in this muckheap.
She has no head for the world
and its free-for-all needlework
of bill collectors
and spiteful windows.
The floor is cluttered with bottle
caps and cans, so she drapes
the sofa on the ceiling and hovers
cross-legged and side-by-side
with the overhead.
If you ask me, she isn’t a saint
although she’s very photogenic.
Whoever heard of a pin-up saint
hawking pilsner? Her mother nagged
her to marry rich, but her heart
was never a cash register.
It’s always been the beer: sweetish,
malty Munich and the drier,
hoppy Franconian. Her shoebox is filled
with bits of broken
jewelry: rhinestones and paste,
pot metal and silver. Can openers.
Hardware softened by careless
spools of wires, head pins, eye pins,
disheveled bracelets, wrong-way earrings.
Orphans in this box have a way of tugging
at heart strings. The ring is broken
in. Remember when they were head
over heels, before life warped the metal,
and marriage became too hard to wear?
The sum of her memories is tied in knots.
I heard she was run out of town, a bartender
with stigmata. It’s not hygienic. Our St. Pauli
call girl resists know-it-all-gravity
and the attraction it mandates,
contradicts spiked heels,
prods her to wear a bra. Pompous gravity,
bombastic gravity,
she says. I will walk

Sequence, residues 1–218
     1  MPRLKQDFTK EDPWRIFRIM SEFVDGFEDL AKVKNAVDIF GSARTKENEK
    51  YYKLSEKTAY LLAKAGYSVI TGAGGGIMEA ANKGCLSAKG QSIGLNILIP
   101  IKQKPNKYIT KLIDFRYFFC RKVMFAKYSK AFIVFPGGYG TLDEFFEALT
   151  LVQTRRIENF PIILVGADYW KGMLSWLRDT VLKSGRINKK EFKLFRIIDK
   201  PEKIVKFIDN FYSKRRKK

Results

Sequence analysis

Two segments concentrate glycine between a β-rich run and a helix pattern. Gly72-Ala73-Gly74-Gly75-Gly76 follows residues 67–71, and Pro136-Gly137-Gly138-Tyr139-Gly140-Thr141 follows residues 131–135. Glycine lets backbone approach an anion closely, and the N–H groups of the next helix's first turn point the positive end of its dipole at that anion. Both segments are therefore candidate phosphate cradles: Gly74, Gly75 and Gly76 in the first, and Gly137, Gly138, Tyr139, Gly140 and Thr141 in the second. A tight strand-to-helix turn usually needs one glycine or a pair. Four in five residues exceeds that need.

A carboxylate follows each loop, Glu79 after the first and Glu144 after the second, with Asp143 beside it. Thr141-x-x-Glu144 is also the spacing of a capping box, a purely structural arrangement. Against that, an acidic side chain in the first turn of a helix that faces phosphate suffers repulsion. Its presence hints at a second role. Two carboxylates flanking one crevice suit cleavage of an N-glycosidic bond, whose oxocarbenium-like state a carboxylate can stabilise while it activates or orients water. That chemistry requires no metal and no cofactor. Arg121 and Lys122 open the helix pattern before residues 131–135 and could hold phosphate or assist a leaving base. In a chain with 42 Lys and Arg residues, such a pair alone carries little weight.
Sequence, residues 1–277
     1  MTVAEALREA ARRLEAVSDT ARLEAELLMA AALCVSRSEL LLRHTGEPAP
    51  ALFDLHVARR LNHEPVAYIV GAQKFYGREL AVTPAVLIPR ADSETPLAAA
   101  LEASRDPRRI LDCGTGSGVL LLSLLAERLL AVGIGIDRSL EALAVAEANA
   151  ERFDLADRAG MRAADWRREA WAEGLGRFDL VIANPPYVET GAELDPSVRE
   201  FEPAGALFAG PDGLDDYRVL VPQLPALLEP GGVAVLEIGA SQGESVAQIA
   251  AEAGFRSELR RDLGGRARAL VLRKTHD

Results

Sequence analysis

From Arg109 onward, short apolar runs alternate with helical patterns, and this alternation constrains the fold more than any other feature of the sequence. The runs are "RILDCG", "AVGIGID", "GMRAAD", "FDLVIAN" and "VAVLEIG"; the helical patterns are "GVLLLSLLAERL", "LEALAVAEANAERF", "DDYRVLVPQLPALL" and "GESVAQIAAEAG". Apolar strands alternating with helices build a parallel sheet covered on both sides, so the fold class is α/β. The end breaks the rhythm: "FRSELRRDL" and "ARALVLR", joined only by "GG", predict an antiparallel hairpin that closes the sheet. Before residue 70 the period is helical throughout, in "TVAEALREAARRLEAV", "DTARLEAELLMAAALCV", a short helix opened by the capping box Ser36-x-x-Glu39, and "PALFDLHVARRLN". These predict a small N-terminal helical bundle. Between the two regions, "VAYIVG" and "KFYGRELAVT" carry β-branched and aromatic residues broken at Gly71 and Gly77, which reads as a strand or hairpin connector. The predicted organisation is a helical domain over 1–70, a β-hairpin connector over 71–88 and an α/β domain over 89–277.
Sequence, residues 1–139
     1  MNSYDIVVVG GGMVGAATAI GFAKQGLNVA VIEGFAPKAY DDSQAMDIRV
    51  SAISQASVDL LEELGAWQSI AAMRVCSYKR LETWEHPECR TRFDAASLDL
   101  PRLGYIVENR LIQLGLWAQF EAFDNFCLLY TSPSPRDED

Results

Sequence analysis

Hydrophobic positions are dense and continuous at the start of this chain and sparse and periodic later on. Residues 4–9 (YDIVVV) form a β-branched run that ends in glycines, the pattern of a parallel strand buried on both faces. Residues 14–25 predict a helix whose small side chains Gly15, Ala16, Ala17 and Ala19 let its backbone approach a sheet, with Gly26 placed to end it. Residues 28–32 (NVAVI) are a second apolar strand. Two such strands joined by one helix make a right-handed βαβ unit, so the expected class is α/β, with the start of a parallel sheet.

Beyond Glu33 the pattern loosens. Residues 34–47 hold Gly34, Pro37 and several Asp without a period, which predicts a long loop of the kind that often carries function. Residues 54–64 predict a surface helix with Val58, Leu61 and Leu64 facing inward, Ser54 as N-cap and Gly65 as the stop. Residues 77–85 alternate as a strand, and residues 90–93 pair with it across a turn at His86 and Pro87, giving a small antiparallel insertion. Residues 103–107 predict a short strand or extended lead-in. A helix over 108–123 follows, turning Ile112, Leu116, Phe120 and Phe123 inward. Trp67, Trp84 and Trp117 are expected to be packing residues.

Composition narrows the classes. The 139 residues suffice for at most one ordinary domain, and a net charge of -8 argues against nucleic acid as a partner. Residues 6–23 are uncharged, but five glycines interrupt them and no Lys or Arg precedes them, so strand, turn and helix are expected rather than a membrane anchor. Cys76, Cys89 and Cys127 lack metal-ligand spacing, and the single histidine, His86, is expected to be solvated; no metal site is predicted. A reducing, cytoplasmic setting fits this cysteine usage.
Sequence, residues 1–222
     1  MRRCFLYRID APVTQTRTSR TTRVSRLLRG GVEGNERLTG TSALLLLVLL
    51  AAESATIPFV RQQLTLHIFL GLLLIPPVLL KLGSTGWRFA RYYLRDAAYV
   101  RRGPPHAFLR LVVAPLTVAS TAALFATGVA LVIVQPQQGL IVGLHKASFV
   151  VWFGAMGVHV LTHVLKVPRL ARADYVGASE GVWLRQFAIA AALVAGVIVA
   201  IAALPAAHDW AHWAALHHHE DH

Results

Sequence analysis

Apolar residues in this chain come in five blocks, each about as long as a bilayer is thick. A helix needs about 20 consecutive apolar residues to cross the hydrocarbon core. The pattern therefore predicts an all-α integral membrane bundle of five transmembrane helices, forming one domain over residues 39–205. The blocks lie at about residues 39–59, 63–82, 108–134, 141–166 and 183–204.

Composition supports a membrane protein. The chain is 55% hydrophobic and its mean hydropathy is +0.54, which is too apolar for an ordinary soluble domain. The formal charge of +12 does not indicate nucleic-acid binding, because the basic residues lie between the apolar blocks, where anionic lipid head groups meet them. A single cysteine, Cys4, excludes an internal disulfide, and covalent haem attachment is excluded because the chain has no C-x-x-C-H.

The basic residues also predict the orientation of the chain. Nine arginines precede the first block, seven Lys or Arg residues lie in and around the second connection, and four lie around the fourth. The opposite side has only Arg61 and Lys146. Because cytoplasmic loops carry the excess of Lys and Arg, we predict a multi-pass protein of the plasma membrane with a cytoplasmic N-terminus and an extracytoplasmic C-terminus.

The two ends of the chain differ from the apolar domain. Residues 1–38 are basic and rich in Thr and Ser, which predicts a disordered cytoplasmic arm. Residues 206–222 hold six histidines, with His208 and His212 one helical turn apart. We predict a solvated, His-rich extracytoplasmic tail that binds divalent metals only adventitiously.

on water, I will stop time. I levitate.
Get over yourself!

She is younger than her adult children.
She prefers polka dot baring midriff tops.
Mardi Gras without Lent.

I was tempted to make this poem a winner because of its utter wildness, its relentless flow of metaphorical and surreal jabber, its swerving, unexpected rhetoric. Sometimes that craziness leads to a kind of mental disorder, mixed metaphors, a semantic slippage of adjectives that seem not exactly exact or exacting but certainly interesting. Add some sort of turn to the poem so it develops more, can or renew the few cliches (tugging at heart strings, head over heels), and this one could be a real keeper. --Tony Barnstone

Honorable Mention


by Tom Allen

As when an old moose
with wolves hanging
from his ankles and rump
and wolves grabbing
for his face
bulls his way bleeding
to the edge of the lake
and with all
his last strength
inch by inch
fights to get deeper in
until the wolves
have to let go
and at last he stands
up to his nose
in red water
and watches the pack
wandering helpless on shore
falling back into the trees
watches with eyes
from which terror
is draining

The extreme, elaborate metaphor is one that tempts one to say, "hold on, now" but ultimately works as a bravado move and makes this small poem work powerfully, with each short, packed line struggling down the page like the bull moose deeper into the water. Whew! And I thought I had sleep problems! --Tony Barnstone

  • May 2019 Winners

    • First Place

      I think of the colour purple
      by Alison Armstrong-Webber
      The Waters

      Second Place

      Swimming in Twilight
      by Peter Halpin
      Wild Poetry Forum

      Third Place

      In another country with strangers
      by Greta Bolger
      The Waters

  • April 2019 Winners

    • First Place

      Furiously Overcome by Stars
      by Guy Kettelhack
      Wild Poetry Forum

      Second Place

      Ides of March
      by Rachel Green
      The Write Idea

      Third Place

      Natural History
      by Antonia Clark
      The Waters